Mr. Brown refuses to allow tap dancer Bill Green to audition for his vaudeville show, "Brown's Black Orchids." Green knows that Brown has a weakness for crap games and challenges him. Green and Brown keep rolling the dice until the only thing Brown has left to offer is his show. After one last roll of the dice, the show is renamed "Green's Black Orchids", with Green as a featured performer. Other black singers and dancers also perform. Written by
David Glagovsky <firstname.lastname@example.org>
At a time when his presence in A-films was not quite established, BILL ROBINSON appeared in this short subject which I found moderately interesting. I was waiting for his tap dancing sequence and it was a good one, but the story is a trifle about him gambling the owner in a crap game and getting the chance to strut his stuff. It took too much time to get to his dancing.
Unfortunately, it's all very dated, especially when it gets to the actual vaudeville routines depicted in the show. The singing style is strictly from the '30s, the lead singer does a song called "Love Lost Out" sounding very tinny in her high soprano register, and the dancers look as though they're badly in need of a good choreographer. Where is Busby Berkeley when you need him?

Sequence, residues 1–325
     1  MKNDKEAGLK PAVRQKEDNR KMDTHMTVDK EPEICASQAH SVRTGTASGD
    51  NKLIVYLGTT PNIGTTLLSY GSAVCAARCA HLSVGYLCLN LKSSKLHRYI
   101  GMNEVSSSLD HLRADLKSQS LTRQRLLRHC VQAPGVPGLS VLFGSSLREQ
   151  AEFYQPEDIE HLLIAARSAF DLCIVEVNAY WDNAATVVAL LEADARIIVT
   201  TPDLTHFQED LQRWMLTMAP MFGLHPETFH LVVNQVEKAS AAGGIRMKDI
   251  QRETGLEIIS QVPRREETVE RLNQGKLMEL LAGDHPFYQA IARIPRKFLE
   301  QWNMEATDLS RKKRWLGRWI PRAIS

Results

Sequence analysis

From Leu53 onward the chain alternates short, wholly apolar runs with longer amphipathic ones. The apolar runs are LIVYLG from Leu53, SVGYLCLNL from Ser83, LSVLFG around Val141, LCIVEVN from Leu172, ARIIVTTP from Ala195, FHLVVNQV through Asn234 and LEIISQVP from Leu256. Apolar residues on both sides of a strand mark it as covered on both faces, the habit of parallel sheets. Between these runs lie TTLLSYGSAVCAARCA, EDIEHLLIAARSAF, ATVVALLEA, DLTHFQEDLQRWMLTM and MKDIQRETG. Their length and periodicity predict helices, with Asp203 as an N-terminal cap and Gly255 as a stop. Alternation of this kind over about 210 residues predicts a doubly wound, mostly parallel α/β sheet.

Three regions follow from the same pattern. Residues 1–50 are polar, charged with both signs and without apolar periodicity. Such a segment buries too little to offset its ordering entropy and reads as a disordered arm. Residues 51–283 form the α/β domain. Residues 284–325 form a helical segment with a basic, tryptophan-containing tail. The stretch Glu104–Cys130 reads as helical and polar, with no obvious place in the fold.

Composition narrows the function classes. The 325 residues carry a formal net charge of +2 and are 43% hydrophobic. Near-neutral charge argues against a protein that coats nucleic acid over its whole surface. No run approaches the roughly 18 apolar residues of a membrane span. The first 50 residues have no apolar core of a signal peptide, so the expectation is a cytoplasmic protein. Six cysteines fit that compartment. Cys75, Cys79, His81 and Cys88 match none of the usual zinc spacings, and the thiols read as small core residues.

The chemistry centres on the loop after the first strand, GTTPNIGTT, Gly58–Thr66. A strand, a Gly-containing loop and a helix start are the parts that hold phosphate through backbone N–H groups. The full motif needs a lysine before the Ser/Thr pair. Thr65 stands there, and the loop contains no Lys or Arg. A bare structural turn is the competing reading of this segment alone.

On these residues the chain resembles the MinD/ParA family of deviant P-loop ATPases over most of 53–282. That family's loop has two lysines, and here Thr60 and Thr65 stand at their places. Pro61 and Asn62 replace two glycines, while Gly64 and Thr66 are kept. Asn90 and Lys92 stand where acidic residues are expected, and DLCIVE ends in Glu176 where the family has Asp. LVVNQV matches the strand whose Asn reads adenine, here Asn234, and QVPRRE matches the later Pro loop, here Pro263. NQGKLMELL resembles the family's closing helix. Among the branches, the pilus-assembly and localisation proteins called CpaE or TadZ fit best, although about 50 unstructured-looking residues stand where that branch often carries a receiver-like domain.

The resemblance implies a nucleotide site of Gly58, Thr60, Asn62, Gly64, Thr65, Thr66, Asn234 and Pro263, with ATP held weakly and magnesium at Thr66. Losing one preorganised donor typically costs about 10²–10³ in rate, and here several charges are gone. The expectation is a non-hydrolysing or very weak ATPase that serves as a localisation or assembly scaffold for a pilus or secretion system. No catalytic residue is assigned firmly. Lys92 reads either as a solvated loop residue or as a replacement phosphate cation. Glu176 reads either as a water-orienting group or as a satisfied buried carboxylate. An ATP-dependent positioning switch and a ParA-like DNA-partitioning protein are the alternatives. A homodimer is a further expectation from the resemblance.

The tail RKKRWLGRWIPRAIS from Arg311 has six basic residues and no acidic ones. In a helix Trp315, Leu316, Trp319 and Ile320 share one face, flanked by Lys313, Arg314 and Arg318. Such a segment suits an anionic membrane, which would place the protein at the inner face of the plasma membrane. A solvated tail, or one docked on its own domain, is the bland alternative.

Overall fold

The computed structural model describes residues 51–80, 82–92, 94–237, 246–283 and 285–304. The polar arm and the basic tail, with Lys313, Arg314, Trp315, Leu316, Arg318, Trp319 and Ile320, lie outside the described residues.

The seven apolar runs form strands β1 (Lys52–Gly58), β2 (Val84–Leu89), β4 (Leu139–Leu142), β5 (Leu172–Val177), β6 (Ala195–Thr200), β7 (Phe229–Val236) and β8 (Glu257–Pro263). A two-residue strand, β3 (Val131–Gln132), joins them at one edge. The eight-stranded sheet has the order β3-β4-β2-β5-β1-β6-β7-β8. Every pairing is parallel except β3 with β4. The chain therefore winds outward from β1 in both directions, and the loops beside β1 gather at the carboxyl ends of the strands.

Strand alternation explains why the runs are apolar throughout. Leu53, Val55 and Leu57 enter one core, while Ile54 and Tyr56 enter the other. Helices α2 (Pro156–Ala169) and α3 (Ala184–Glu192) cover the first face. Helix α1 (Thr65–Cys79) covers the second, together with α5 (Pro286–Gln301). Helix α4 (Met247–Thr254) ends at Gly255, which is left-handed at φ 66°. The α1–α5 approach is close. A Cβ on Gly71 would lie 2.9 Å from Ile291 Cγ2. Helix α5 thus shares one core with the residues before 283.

Robinson, however, does his own thing with his usual skill--but is stuck in a short subject that cries for more originality in the script department. His tapping to "Swanee River" is a delight but after that the routine goes into less successful moments and ends with a wedding bells song that closes the short with a thud.
I can't recommend this with much enthusiasm.
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